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Sunday, February 26, 2006

The Allegory of the Cave

In the “Allegory of the Cave”, we see an example of people seeing “through the glass dimly.”  Plato describes a group of people in a cave since their childhood, chained so that they cannot move their heads.  I could not picture this until I saw the illustration, but imagine a fire behind the people, casting shadows on the wall in front of them.  There is also a walkway and animals, people and things are carried along between the fire and the wall in front of the prisoners.

All these people know of the world are the shadows on the wall in front of them.  In fact, they may not even know that there is a world outside of those shadows.  All they can see – all they can know – are the flickering shadows on the wall in front of them.

Imagine that one of these prisoners is set free.  He stands up and turns around, seeing the fire for the first time.  This is the first time he sees the direct flame and he is blinded.  At first, before his eyes grow accustomed to the light, the objects that cast the shadows seem unreal – less real than the shadows.  He rebels – this is not what he is used to!

This is the way I felt when I started looking at “reformed theology”.  All of my life I’d been an Arminian, my life, my faith, and my walk were all in my own hands.  I knew what I had to do.  Then, over the course of a year I started studying the passages of both “sides” – I started learning what the Greek meant.

For the first time, I belonged to a God that I knew was in control.  It was an adjustment; my human-centered ego just didn’t like that man is not in control.

To take the Allegory of the Cave a step further, what if this man – in the darkness of the cave since childhood – is taken out into the sunlight.  BLINDNESS!  Even the fire that he first saw is be nothing compared to this blazing ball of fire in the sky – the light that warms the earth.

This is where I am today.  It seems that after a couple of years being comfortable in “reformed theology”, a new curve has been thrown at me. Cessationism.  My entire life has been spent “understanding” - just as the people in the cave understand the shadows – that God “talks”.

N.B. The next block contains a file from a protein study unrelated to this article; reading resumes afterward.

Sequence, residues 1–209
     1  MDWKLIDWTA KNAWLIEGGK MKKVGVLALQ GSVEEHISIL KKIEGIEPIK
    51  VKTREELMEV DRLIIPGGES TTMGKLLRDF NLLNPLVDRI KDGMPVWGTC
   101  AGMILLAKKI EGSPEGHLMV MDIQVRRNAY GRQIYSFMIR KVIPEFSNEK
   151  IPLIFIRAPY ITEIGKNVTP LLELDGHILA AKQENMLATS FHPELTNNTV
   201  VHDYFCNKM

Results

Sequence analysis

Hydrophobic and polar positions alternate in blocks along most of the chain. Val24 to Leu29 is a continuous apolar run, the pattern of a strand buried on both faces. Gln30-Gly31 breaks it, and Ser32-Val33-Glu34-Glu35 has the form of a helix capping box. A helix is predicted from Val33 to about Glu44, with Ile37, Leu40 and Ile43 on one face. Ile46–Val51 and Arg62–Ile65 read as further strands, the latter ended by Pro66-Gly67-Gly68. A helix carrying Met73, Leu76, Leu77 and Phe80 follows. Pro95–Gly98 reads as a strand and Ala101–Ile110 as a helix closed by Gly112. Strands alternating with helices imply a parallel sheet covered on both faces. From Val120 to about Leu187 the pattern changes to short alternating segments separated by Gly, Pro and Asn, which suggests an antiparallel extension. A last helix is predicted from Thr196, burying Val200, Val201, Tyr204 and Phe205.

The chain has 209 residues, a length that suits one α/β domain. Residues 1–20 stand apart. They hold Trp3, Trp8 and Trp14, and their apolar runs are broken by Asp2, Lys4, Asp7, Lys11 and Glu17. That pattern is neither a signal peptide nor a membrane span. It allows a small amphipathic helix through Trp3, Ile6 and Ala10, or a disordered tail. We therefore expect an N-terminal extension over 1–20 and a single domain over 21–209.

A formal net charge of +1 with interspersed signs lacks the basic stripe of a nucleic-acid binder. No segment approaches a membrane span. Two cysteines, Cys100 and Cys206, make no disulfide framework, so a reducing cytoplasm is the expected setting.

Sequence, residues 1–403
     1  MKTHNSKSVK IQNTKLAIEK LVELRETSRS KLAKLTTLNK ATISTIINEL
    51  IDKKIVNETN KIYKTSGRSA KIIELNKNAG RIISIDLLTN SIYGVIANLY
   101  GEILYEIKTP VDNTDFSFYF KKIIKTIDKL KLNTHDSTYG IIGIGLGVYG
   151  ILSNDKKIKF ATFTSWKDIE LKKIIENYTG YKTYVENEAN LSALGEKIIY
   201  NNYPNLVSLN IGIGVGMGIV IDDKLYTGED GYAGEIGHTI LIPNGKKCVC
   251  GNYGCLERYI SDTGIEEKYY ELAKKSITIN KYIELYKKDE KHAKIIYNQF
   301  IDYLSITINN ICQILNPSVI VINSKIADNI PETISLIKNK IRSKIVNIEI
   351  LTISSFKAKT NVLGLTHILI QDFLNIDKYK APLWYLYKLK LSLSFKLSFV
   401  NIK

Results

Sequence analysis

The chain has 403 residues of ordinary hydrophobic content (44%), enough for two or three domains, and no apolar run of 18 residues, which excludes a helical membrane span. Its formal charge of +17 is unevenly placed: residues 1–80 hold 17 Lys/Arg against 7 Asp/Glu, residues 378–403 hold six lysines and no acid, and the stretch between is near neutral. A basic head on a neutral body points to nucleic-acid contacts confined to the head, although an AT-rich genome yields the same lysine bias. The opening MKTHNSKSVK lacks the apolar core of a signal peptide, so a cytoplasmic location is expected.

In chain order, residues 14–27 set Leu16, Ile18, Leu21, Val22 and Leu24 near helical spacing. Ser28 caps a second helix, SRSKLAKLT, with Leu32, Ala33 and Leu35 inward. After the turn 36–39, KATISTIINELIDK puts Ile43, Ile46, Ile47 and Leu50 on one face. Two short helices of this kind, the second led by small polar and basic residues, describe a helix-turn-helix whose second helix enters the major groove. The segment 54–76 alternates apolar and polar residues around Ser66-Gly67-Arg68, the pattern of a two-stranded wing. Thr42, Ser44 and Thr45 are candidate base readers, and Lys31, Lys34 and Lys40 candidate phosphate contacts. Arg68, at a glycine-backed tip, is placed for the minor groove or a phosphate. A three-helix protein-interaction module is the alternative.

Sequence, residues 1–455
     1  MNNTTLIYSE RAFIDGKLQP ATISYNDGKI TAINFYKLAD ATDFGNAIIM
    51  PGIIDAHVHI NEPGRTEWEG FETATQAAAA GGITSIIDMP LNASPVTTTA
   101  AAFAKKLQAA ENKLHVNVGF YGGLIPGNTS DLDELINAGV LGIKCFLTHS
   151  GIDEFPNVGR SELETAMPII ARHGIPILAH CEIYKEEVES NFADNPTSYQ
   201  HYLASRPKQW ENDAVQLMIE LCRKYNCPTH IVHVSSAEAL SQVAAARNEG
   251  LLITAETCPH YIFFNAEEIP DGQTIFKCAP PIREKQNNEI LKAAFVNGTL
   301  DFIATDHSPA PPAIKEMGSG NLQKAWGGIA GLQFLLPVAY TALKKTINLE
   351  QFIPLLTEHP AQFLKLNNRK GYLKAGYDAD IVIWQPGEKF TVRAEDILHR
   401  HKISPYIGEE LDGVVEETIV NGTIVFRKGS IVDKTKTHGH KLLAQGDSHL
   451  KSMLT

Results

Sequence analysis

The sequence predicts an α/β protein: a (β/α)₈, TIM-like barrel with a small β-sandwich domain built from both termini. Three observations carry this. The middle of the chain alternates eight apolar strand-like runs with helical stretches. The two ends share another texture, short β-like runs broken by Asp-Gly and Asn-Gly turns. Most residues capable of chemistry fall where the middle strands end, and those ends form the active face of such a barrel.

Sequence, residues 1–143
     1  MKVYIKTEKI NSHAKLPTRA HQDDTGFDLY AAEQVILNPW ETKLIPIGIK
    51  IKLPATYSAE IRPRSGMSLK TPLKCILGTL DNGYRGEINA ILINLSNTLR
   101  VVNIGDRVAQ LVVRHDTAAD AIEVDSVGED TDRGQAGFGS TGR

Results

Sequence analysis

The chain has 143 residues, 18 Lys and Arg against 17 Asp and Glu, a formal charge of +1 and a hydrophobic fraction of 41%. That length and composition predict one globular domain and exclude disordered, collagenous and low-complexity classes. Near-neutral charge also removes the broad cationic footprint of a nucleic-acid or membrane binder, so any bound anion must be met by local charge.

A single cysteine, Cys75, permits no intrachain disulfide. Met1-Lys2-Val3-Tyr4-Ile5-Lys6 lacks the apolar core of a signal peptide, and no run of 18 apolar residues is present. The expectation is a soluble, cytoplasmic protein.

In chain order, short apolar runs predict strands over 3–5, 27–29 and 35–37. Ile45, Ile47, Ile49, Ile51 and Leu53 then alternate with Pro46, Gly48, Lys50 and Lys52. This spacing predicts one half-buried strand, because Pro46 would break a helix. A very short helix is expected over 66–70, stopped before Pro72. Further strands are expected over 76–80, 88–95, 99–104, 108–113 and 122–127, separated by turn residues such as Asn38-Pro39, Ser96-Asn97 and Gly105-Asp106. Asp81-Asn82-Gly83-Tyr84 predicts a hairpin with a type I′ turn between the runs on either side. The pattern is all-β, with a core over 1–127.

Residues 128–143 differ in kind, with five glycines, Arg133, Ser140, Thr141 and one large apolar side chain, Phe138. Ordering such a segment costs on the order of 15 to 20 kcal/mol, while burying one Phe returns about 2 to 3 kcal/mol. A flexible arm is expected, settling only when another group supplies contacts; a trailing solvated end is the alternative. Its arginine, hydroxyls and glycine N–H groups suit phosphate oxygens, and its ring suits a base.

Here is the question:  Was the problem the people had because of their wrong understanding of the shadows, or was the heart of the problem their unwillingness to embrace the new knowledge?  I am not ready to embrace “full cessationism”, but I am ready to look at the “real thing” and decide, according to Scripture, what is real and what is not.

The next step in the “Allegory of the Cave” is to bring other people out of the cave.  They don’t like (in fact, they detest) being dragged out of their comfort zone.

I went into the library at the church I attend and asked if they had anything on both sides of the cessationist issue.  There is a certain look that oozes arrogance and I got it.  “We don’t believe in that.  We are a “Spirit-filled” church.

I guess you can’t be Spirit filled unless you have a miraculous gift.

I’ve tried dragging the people at my church out of their cave.  Not to change their minds, but at least to take a look at the issue  - to look at the real basis for their beliefs, not just to go on believing because that’s what they’ve always believed.

It doesn’t work.



http://en.wikipedia.org/wiki/Plato's_allegory_of_the_cave

2 comments:

Kim from Hiraeth said...

Wow! Ellen! Good stuff. I never know which blog to read. I think I better pay closer attention.

Ellen said...

Heh...I got an "A" in the class I wrote that for.

I think I might want to move these over to the main blog at this point and cross post. I like having the blog just for bigger projects and school stuff.

thanks!